Q: It seems like entire communities are pitting themselves against one another each time the LCRAs decides on whether or not to release water from upstream to flow down for rice farmers. Should we expect more of that?

A: Mark Twain said that whiskey is for drinking and water is for fighting, and he is turning out to be prophetic because that fight is accelerating in Texas today. The reason for that is our water rights system dates all the way back to when we were a Spanish colony. And yet the conditions and economics uses [for that system] are completely different than they were 400 years ago. At the time that our water rights system was created, there was not only no one living on these lakes, they [the lakes] weren’t here… So the water flowed down to rice farmers on the southern part of the basin and they got all they needed. Today, the economic engine gendered by recreation, residential growth, and tourism up on [Lake Travis] far exceeds the [size of the] rice industry, and so there is a pitched battle underway as to who should get the water and it’s going to worse. Essentially, we’re struggling with a system [created] hundreds of years ago… and bears no resemblance to what we look like [today].

Q: Is the state planning accordingly for the possibility that we might have a long drought, or a much more significant drought?

A: I would say belatedly. We have, up until recently, affirmatively denied in state policy that climate change is even a possibility. That is changing. The current draft of the water plan acknowledges that the climate may be changing, so I think there’s a growing recognition that the 1950s drought may not be as bad as it can ultimately get. In terms of preparing for a really serious drought, we are behind the eight ball. And once again, I think it’s because we are urban and we don’t realize that it will affect us economically in a much different way than it did a generation ago.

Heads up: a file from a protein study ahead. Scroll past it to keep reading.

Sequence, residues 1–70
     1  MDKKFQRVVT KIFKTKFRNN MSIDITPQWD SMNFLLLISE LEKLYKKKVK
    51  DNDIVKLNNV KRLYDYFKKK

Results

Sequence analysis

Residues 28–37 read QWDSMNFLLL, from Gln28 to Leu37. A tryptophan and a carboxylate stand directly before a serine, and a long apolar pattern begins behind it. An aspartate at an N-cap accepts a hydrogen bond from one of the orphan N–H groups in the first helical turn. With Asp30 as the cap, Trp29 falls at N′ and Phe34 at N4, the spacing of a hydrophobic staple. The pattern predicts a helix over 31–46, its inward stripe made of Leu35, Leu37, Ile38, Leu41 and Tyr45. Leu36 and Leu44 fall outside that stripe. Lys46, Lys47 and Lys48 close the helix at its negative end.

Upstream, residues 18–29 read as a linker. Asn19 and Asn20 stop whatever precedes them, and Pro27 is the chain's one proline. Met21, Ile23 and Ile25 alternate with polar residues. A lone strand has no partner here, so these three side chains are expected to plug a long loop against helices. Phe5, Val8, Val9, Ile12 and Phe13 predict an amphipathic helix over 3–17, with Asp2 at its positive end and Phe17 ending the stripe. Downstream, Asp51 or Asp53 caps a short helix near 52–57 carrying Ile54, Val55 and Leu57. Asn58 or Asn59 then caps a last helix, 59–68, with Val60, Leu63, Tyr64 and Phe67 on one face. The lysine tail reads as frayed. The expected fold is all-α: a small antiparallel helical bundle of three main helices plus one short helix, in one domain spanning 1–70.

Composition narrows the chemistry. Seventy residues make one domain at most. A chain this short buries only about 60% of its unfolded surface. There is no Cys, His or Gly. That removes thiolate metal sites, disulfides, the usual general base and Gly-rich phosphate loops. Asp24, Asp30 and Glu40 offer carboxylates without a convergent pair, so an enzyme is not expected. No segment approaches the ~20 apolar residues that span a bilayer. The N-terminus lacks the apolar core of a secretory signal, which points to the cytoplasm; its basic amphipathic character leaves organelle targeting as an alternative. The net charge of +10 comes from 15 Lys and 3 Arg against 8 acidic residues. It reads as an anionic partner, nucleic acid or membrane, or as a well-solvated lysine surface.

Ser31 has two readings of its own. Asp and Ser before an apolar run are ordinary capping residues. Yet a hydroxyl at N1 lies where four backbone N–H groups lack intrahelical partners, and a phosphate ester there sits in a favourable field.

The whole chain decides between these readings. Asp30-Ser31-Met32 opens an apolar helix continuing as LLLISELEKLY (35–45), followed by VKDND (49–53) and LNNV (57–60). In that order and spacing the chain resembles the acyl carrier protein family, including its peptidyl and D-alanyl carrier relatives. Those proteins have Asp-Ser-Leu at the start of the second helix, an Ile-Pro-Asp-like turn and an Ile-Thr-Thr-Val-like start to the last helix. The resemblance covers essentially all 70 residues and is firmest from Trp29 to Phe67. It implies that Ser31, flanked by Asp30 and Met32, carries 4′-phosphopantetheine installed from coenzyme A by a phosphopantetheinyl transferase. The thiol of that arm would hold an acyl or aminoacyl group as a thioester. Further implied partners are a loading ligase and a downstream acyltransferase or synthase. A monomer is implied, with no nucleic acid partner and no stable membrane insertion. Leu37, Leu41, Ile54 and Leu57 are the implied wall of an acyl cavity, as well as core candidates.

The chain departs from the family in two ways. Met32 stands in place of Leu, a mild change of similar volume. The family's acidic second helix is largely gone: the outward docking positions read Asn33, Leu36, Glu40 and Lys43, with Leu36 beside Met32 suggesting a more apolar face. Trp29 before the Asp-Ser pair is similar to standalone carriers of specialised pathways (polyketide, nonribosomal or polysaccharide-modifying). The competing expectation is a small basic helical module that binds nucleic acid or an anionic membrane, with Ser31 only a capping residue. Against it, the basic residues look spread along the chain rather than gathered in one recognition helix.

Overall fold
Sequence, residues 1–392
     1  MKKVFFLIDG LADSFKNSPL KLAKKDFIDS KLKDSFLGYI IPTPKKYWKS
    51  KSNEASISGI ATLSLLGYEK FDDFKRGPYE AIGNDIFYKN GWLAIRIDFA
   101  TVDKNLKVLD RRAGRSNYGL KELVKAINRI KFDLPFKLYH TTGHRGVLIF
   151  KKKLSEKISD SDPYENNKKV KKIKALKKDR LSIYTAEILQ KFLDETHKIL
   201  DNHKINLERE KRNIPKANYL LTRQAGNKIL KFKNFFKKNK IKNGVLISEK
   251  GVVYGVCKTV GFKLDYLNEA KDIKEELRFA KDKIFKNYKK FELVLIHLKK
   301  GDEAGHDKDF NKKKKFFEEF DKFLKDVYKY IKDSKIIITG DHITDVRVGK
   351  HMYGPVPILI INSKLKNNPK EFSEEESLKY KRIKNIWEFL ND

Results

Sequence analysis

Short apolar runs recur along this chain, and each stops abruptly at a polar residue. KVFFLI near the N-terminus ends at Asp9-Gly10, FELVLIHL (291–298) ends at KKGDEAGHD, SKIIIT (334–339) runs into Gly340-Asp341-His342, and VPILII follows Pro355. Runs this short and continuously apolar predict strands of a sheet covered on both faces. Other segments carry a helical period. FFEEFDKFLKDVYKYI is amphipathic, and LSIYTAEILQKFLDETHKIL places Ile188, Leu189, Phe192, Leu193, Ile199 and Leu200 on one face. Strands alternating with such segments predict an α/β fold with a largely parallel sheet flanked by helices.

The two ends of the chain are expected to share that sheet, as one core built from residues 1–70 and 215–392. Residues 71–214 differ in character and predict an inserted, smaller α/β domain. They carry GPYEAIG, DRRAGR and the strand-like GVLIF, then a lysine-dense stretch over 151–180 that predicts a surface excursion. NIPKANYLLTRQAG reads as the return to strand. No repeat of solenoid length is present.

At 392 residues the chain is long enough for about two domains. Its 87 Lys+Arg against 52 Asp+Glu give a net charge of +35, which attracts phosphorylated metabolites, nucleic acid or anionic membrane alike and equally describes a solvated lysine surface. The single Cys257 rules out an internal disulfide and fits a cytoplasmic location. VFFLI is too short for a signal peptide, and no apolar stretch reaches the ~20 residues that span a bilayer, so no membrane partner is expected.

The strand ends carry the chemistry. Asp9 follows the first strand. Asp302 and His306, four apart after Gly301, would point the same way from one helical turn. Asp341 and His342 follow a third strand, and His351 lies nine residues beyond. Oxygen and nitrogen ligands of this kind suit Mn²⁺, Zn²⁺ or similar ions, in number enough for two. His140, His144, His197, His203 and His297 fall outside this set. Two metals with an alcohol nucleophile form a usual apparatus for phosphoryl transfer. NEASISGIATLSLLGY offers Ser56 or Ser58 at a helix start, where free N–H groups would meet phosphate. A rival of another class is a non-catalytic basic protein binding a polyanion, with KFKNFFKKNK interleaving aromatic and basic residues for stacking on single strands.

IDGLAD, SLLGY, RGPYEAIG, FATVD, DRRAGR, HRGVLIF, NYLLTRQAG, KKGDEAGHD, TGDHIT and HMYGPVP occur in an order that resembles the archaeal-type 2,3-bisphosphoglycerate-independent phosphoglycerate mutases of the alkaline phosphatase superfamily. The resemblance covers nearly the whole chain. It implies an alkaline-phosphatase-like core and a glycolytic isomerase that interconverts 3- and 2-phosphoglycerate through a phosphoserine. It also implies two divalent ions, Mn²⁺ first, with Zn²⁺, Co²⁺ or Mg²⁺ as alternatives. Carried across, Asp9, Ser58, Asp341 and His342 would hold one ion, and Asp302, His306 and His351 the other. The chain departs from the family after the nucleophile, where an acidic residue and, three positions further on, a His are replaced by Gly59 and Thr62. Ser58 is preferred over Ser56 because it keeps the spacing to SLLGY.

Q: Do you think what’s happening to Texas is going to start to happen in other parts of the country?

A: Absolutely, absolutely. It’s already happening — probably worse than our situation — in Arizona and Nevada, states that are served by the other Colorado River, so I don’t think there is any question [about that] and that it will start in the southwest.

Q: What do you want people to understand about what’s happening in Texas?

A: I think two things. Number one, to understand that water is essential for all of life. All plants, all animals are dependent on water, more so than any other substance and that we do have the capacity to exhaust our supplies of water. We need to remember that as we plan our water use that we also make sure that we leave enough in the system for the environment, because human use is only one part of the equation. If we don’t have water flowing down our rivers and streams and into our basins and aquifers then we’re going to have a tremendous ecosystem collapse as well. So it’s a human issue but it’s also an environmental issue.